Domain 3. Elimination and exchange
Class 1. Urinary function
Diagnostic Code: 00022
Nanda label: Risk for urge urinary incontinence
Diagnostic focus: Incontinence
Nursing diagnosis is an important step in nursing care, which is especially true for patients who are at risk for various disorders and conditions. In this article, we will discuss the Nursing Diagnosis Risk for Urge Urinary Incontinence (UI) – discussing its definition, risk factors, population at risk, associated conditions, and suggested alternatives. We will also provide some tips on usage, objectives of evaluation, nursing activities, a conclusion, as well as recommended NOC outcomes and NIC interventions, as well as five FAQs written in the schema.org application/ld+json script.
Nanda Nursing Diagnosis Definition
The diagnosis Risk for Urge UI is defined by the North American Nursing Diagnosis Association (NANDA) as “an increased likelihood of urinary incontinence caused by an overactive bladder, which can lead to frequent urination, urgency, as well as stress and urge incontinence”. This diagnosis has been classified by NANDA in the domains of Risk Factors / Complications, Health Promotion, and Activity /Rest.
The risk factors for Urge UI include age, general health, family history, gender, weight, chronic illness, psychosocial factors, neurological impairment, medications, and lifestyle habits. Age increases the risk of this condition, with women over 45 more likely than their male counterparts to experience Urge UI. In addition, people of all ages who have general health issues, chronic illnesses, or neurological impairment can be at higher risk. Women who are overweight, or those with a family history of UI, may also be at higher risk. Finally, certain medications and lifestyle habits can increase the risk for Urge UI, such as caffeine consumption, smoking, alcohol use, and use of diuretics.
The populations most at risk for developing Urge UI include women over 45, pregnant women, those with psychological or neurological impairment, and those with chronic illnesses or who engage in certain lifestyle activities that can increase the risk. This includes substance abuse, smoking, or excessive caffeine consumption.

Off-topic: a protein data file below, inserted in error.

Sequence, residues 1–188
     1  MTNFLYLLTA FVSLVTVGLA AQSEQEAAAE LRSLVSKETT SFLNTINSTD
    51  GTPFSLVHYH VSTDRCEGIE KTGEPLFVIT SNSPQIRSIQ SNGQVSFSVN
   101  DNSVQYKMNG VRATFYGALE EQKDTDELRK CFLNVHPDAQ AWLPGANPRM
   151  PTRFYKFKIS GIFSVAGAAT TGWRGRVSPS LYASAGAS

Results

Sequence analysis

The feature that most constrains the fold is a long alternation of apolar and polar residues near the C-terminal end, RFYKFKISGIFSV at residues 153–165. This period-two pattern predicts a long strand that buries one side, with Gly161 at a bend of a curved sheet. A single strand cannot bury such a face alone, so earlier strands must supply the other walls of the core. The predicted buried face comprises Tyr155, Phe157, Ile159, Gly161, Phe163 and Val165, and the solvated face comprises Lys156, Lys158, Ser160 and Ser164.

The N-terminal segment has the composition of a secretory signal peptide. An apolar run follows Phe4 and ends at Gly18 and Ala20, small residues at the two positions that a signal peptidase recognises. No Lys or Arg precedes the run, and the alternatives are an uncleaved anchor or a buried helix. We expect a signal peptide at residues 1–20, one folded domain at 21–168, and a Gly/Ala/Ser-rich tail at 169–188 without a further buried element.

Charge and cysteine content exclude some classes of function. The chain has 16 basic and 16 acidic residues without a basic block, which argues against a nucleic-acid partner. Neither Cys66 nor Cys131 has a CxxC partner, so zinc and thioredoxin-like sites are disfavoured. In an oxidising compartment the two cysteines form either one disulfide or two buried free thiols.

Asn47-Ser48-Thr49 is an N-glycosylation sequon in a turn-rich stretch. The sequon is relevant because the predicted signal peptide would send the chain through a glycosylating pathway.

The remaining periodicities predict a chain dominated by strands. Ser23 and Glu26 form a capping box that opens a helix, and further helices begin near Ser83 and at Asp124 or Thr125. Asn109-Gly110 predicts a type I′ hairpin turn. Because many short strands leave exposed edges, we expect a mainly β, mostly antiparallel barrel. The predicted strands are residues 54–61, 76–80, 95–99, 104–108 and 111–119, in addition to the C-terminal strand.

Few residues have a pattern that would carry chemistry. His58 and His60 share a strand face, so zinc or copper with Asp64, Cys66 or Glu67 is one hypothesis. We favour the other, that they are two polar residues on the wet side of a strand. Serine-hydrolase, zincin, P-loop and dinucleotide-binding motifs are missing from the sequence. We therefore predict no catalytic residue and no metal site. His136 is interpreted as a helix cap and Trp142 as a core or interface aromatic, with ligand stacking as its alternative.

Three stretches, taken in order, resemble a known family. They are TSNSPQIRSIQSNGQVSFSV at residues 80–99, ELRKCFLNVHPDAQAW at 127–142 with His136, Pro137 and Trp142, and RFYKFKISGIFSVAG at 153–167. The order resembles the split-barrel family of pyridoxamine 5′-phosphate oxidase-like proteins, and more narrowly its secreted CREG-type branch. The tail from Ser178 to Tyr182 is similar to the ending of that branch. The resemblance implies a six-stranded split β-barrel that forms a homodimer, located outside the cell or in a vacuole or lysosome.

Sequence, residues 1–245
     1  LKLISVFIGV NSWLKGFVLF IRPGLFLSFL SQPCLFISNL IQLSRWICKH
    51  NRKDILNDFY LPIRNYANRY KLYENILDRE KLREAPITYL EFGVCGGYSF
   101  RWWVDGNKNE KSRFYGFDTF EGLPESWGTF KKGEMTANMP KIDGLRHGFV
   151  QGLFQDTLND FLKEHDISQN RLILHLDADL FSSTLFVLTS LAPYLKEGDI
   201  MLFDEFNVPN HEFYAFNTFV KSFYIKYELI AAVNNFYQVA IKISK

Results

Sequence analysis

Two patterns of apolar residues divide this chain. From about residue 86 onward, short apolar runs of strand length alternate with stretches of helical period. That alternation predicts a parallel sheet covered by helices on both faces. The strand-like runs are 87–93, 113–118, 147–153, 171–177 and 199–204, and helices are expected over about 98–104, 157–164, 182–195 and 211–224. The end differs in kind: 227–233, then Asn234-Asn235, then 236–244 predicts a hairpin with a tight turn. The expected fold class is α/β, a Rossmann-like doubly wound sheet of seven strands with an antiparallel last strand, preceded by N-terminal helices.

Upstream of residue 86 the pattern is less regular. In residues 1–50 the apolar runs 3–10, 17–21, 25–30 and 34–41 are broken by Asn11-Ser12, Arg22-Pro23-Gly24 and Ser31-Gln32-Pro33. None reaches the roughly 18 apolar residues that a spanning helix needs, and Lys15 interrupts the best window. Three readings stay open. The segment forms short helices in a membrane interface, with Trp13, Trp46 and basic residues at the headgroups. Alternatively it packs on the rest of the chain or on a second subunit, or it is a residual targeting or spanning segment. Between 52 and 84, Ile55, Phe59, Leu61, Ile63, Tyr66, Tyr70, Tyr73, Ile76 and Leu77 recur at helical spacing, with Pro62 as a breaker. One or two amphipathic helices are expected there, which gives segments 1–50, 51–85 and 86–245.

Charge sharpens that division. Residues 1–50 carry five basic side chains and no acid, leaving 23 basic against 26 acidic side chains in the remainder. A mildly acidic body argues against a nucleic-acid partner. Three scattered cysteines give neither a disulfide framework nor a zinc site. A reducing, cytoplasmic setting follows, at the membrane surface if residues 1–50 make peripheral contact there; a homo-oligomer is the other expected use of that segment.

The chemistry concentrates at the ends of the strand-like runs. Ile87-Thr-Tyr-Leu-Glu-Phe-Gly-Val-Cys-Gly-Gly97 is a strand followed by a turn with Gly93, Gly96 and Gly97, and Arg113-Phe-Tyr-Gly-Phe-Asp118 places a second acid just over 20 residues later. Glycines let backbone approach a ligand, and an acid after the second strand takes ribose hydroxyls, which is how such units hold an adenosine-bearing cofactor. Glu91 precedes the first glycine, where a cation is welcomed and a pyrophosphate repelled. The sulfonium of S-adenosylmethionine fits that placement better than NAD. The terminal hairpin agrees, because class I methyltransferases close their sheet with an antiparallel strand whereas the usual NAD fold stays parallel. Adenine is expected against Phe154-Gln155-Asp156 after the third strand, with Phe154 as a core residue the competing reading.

Urge UI is most commonly associated with other UTI infections, such as cystitis, which can worsen the symptoms of UI. Other associated conditions can include bladder spasms, decreased bladder contractility, and bladder outlet obstruction. In addition, those with complications from diabetes, neurological compromise, such as Parkinson’s disease, stroke, multiple sclerosis, spinal cord injuries, and some medications can increase the risk.
Suggestions For Use
There are several treatments available for those with Urge UI, including pelvic floor physical therapy, medications, electrical stimulation, lifestyle changes, and surgery. Depending on the severity of the condition, medications or lifestyle changes should be considered first, followed by physical therapy or electrical stimulation. For cases where the condition has become severe or has not responded to other treatments, surgery may be the only recourse.
Suggested Alternatives to NANDA Nursing Diagnosis
If the condition does not respond to the above treatments, there are a few alternative NANDA nursing diagnoses that may be applicable. These include Impaired Bowel Elimination, Risk for Impaired Urinary Elimination, and Impaired Ability to Self-Care.
When treating patients with Urge UI, it is important to work with them to develop a plan of care that takes into consideration the patient’s individual health needs and lifestyle. Discuss any safety concerns and if needed, performing a full medical assessment. Collaborate with the patient to identify current and potential risk factors, and provide education and support regarding healthy lifestyle changes.
Recommended NOC Outcomes
The following NOC outcomes are recommended to assess the outcome of treatment on patients with Urge UI: Patient Has Control of Bladder, Patient Lifestyle Management, Emotional Status and Self Care.
Patient Has Control of Bladder
This outcome requires that the patient have a greater degree of control over his/her bladder, with fewer wetting accidents, controlling the urge to urinate, engaging in toileting behaviors, and using personal protection measures.
Patient Lifestyle Management
This outcome encompasses the patient’s ability to identify and manage environmental and lifestyle factors that can exacerbate their condition, including reducing intake of fluids, avoiding caffeine or carbonated beverages, voiding at regular intervals, and exercising regularly.
This outcome seeks to assess the patient’s emotional well-being, including any anxiety or depression that may be related to their condition.
This outcome evaluates the patient’s ability to recognize how their condition affects their self care, and includes performance in areas such as mobility, appetite, nutrition, sleep, hygiene and leisure activities.